Chinese woman dies after being bitten by venomous serpent she purchased online to make snake wine
A Chinese woman who had hoped to make traditional snake wine died after being bitten by a venomous serpent which she ordered from an online shopping portal.
Beijing: A Chinese woman who had hoped to make traditional snake wine died after being bitten by a venomous serpent which she ordered from an online shopping portal.
The 21-year-old woman in the northern province of Shaanxi died last Tuesday, eight days after being bitten by the many-banded krait, the official Xinhua news agency reported.
She had bought the snake on Zhuanzhuan, an e-commerce platform backed by Chinese internet heavyweight Tencent, from a seller in the southern province of Guangdong where the highly venomous reptile is endemic.
The snake had been delivered by a local courier company, which told Xinhua it did not know what was in the box.
The unidentified woman had planned to make a traditional medicinal wine, her mother told Xinhua.
So-called snake wine is typically made by infusing whole snakes in alcohol, with the resulting beverage said to have an invigorating effect.
Media reports said the reptile managed to escape afterwards, but local forestry officials later said it was found near the woman's home.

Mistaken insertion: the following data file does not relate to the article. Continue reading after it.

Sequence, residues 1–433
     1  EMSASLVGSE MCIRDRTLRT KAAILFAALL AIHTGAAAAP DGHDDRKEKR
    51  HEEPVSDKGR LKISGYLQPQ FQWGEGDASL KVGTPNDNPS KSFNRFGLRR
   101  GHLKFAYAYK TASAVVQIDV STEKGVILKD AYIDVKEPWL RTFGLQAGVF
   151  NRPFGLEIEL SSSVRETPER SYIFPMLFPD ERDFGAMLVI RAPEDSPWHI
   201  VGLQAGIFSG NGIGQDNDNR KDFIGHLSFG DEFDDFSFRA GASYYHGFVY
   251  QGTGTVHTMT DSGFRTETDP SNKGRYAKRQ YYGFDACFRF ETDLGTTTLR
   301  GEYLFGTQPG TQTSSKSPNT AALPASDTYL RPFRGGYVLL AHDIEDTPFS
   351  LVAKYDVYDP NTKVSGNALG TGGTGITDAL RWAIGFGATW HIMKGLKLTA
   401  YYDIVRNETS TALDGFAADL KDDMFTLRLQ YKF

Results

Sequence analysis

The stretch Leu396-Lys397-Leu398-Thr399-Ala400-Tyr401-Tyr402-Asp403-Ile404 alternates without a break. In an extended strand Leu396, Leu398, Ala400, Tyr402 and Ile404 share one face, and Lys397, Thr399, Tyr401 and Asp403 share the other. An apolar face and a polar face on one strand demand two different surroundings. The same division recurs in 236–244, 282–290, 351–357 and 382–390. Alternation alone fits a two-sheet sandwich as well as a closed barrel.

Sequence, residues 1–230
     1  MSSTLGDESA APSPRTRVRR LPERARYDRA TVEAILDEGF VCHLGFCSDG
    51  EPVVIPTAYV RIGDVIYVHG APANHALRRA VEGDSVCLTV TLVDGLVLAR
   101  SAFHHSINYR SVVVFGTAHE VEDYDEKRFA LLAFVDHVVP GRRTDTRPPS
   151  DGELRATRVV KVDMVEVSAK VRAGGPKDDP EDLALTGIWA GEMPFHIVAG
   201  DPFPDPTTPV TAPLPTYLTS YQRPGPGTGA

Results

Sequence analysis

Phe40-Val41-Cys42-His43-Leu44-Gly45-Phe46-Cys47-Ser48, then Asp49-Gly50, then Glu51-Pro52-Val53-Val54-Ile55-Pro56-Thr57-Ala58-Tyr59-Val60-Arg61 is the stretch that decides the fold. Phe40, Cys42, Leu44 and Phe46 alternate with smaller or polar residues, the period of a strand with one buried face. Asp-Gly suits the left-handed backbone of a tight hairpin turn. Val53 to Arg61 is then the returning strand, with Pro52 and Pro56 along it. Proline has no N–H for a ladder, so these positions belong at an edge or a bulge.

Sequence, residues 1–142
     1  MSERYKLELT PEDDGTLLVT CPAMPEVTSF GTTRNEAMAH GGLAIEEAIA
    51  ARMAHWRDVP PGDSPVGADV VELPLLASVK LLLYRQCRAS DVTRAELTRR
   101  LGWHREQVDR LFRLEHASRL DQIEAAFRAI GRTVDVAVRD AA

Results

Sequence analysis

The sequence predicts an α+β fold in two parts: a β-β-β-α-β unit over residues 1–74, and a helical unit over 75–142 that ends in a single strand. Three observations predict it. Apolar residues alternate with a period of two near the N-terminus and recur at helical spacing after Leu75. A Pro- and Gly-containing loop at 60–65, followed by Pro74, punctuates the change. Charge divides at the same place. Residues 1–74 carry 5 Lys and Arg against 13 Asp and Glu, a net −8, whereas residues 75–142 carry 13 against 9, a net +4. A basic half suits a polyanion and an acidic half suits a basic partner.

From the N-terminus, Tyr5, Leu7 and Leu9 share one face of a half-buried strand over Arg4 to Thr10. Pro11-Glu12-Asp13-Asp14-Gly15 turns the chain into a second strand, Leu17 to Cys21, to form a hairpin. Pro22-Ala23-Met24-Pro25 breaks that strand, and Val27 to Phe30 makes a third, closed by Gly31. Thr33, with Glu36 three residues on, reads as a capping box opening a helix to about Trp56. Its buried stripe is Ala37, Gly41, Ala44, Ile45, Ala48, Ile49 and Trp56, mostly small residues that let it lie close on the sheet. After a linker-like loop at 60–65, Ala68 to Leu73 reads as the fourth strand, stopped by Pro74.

Online platforms are banned from trading in wildlife and administrators quickly take down such postings. But customers can turn to smaller platforms like Zhuanzhuan with less oversight.
E-commerce has boomed in China, led by major player like Alibaba's Taobao platform which handle billions of dollars in orders for everything from everyday items to the bizarre.
Find latest and upcoming tech gadgets online on Tech2 Gadgets. Get technology news, gadgets reviews & ratings. Popular gadgets including laptop, tablet and mobile specifications, features, prices, comparison.
Talmudic debates on India's strategic autonomy an artefact of a bygone era, says strategic thinker Dhruva Jaishankar
Political leaderships will come and go, but there is today a qualitative difference in how foreign and defence bureaucracies in Australia, India, Japan, and the US perceive China’s rise, says Dhruva Jaishankar.
The Defence Minister was speaking at a customary event at headquarters of the Indian Army's 33 Corps in Darjeeling on the occasion of Dussehra
US signalling commitment and sensitivity to India’s concerns; New Delhi must seize chance to firm up a security alliance
It is evident that the US envisages a tighter and more elaborate security partnership with India and considers New Delhi as more receptive towards such an arrangement now more than ever before.